OUR ISLANDS AND THEIR PEOPLE.
rendered it difficult to obtain suitable labor; and, in addition, the same government exactions existed there as in Luzon.
There are so many different varieties of valuable hardwoods in the Philippines that it would require a volume to describe them all. Pine of the finest quality is as plentiful as it is in the Caro-linas. There is also a fine, soft cedar wood cut from logs thirty to forty feet in length and sometimes as much as three feet in diameter. Another wood, so hard that it can be driven through any common timber, and on this account frequently used in place of nails, is called bullet wood. Acle wood is almost impervious to fire, and the oranga, which comes in logs seventy-five feet long and two feet in diameter, withstands the attacks of sea-worms and ants, and is therefore used largely in shipbuilding and for piles and wharfs.
A considerable trade in sapan wood has been carried on for years, principally through Chinese dealers. It is found in most of the islands, but is a small, unattractive tree, and is valued chiefly
dry and liquid measures and receptacles, cups, fencing, canoe fittings, carrying-poles, pitchforks, chairs, beds, and a thousand other things among the common necessities of Filipino life. It floats like cork, and burns readily with a brilliant flame and a loud, crackling noise. Ropes made of bamboo are immensely strong, and bamboo salad of an excellent flavor is made of the young shoots cut as soon as they sprout from the root. It grows in thick clusters in the woods and on the banks of streams, and is one of the most picturesque and useful adornments which nature has bestowed upon these favored islands. Some of the most attractive native houses are constructed throughout of bamboo, even the roofs being composed of long strips of this wood split in halves and laid with the alternate convex and concave sides upward, like tiling. In the framework no joinera s skill is needed, the angles being formed by cutting a notch on the inner side with a knife and bending the piece into a perfect square.
The nipa palm, which, next to the bamboo, is so useful to the
INTERIOR OK HOUSE DESTROYED BY AN EARTHQUAKE-
The simple bamboo houses usually erected by the natives are safer in an earthquake than those composed of heavy timbers or brick and mortar, and this is one of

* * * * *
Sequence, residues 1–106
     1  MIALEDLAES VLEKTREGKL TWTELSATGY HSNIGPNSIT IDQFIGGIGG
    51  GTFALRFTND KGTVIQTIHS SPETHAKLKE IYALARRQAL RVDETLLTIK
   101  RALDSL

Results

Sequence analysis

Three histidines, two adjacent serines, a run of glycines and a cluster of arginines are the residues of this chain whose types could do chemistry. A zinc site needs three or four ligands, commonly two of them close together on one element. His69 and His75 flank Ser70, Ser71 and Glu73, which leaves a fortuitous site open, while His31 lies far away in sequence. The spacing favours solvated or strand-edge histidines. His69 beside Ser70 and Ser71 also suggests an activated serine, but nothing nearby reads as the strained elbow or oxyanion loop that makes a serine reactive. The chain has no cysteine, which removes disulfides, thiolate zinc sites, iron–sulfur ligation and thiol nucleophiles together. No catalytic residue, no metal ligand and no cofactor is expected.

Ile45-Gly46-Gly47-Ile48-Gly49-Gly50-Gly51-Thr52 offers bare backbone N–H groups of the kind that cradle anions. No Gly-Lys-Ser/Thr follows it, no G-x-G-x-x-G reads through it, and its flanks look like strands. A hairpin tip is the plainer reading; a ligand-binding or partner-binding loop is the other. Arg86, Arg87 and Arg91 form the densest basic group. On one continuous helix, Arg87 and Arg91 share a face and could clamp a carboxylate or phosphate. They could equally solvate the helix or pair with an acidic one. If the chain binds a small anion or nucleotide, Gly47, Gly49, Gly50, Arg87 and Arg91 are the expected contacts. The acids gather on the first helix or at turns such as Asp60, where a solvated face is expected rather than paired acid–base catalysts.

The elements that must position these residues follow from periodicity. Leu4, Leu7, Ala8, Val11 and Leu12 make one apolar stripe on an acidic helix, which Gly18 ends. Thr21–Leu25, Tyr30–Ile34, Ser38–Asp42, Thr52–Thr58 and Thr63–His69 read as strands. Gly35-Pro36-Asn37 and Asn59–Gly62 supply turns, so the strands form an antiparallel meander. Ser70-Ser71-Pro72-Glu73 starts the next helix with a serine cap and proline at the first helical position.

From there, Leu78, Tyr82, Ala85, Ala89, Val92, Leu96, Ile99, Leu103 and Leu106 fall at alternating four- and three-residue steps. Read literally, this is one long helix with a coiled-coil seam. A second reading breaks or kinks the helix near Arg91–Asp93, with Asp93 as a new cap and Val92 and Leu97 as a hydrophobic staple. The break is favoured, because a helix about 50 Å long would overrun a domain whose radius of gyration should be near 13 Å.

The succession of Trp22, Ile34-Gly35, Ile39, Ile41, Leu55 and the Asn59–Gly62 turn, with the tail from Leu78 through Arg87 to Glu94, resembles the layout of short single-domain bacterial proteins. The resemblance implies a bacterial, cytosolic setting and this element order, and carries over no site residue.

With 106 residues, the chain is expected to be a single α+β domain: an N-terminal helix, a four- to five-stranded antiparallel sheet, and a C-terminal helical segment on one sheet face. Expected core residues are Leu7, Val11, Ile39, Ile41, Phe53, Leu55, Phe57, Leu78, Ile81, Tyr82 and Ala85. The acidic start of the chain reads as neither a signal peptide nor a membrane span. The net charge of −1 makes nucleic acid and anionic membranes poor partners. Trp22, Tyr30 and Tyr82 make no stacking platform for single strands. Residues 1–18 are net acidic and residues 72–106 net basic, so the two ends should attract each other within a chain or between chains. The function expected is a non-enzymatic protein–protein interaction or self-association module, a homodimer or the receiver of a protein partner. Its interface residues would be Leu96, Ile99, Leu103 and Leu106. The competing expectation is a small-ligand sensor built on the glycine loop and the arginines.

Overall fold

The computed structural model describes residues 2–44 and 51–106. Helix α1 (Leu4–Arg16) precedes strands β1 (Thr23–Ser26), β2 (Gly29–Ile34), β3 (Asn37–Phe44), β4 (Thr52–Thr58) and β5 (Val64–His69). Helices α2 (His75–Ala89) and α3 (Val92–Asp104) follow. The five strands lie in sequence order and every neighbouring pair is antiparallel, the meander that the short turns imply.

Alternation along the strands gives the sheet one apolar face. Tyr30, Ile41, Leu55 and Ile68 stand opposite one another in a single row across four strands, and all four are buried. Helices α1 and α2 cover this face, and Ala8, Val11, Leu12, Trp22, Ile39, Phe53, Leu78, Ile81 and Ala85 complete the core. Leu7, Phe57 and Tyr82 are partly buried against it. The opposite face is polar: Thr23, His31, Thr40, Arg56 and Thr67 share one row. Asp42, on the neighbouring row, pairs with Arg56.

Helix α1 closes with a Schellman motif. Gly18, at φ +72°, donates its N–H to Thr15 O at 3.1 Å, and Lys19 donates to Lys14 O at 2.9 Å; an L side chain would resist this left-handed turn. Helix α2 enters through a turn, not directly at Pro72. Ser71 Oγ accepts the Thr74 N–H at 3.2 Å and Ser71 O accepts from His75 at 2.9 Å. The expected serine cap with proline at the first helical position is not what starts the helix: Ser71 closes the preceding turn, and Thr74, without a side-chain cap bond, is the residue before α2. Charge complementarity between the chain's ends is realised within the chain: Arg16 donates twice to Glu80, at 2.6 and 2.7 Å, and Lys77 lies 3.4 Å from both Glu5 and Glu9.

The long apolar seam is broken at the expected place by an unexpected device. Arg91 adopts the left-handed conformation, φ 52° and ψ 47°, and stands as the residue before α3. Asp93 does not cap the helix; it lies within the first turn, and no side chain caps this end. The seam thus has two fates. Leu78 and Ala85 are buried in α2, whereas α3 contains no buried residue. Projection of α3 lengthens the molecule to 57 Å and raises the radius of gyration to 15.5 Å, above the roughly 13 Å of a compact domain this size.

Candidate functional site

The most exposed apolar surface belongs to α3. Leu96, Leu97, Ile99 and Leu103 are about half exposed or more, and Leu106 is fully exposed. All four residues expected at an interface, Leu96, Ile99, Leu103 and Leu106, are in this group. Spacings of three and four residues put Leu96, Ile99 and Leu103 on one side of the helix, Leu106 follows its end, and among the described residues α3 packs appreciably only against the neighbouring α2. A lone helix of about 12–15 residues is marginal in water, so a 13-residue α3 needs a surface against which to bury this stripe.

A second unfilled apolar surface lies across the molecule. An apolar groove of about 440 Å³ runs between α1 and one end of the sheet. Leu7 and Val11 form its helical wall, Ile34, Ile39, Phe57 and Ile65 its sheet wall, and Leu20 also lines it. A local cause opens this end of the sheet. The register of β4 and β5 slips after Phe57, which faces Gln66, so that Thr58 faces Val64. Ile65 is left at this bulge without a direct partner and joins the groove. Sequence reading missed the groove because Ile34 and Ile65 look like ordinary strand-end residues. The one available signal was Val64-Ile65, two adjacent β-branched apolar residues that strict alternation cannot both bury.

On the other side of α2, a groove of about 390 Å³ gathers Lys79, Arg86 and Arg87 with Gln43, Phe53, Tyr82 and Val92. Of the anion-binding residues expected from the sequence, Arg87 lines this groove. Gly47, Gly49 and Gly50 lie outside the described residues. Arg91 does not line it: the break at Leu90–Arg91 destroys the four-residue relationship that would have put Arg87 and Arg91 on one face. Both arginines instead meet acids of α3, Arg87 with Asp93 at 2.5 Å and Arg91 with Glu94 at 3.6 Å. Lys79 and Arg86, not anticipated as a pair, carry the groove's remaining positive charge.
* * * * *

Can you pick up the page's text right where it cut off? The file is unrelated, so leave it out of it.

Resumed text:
the principal reasons why bamboo is so generally used for building purposes.
for its coloring matter. The wood is very hard, heavy, crooked and full of knots, but it is susceptible of a very high polish. The portion that enters into commerce is the heart of the branches, from which a dye is taken, known in trade as a false crimson,a to distinguish it from the more permanent cochineal dye.
So far as the native is concerned, bamboo is the most valuable wood that grows in the islands. It is indispensable to the Filipinos. Nearly all the native houses are built of bamboo, and thatched with the leaves of the nipa palm or congon grass. The floors are composed of split bamboo, with the smooth side turned upward. It is always clean and takes on a beautiful polish when rubbed over a few times with plantain leaves. There is hardly any use to which this wood cannot be applied. In a village church near Manila, there is an organ made of bamboo which has an excellent tone. It is used for rafts, furniture of all kinds, scaffolding, carts, baskets, spoons, sledges, fish traps, water pipes, hats,
natives, grows in mangrove swamps and marshy lands. It has the appearance of a gigantic fern, and thrives best in lands that are covered by the sea at high tide. The sap is extracted by incisions made in the fruit-bearing stalk, and is used for distilling a liquor known as nipa wine. The leaves, which are very long, and from three to five inches wide, are of immense value for thatched roofs, being in universal use for that purpose in all the regions where this tree flourishes. I11 other sections, a tall jungle grass, called cogon, is substituted. As the nipa palm grows only in low, marshy places, the grass thatch is much more frequently seen.
The areca palm is another tree valuable for the nut which it produces. This nut, when split into slices about an eighth of an inch thick, constitutes the chewing betel so popular all over the archipelago. The tree is one of the most beautiful of the palm species. The nuts cluster on stalks under the tuft of leaves at the top of the tall and slender stems, and it is said that one tree will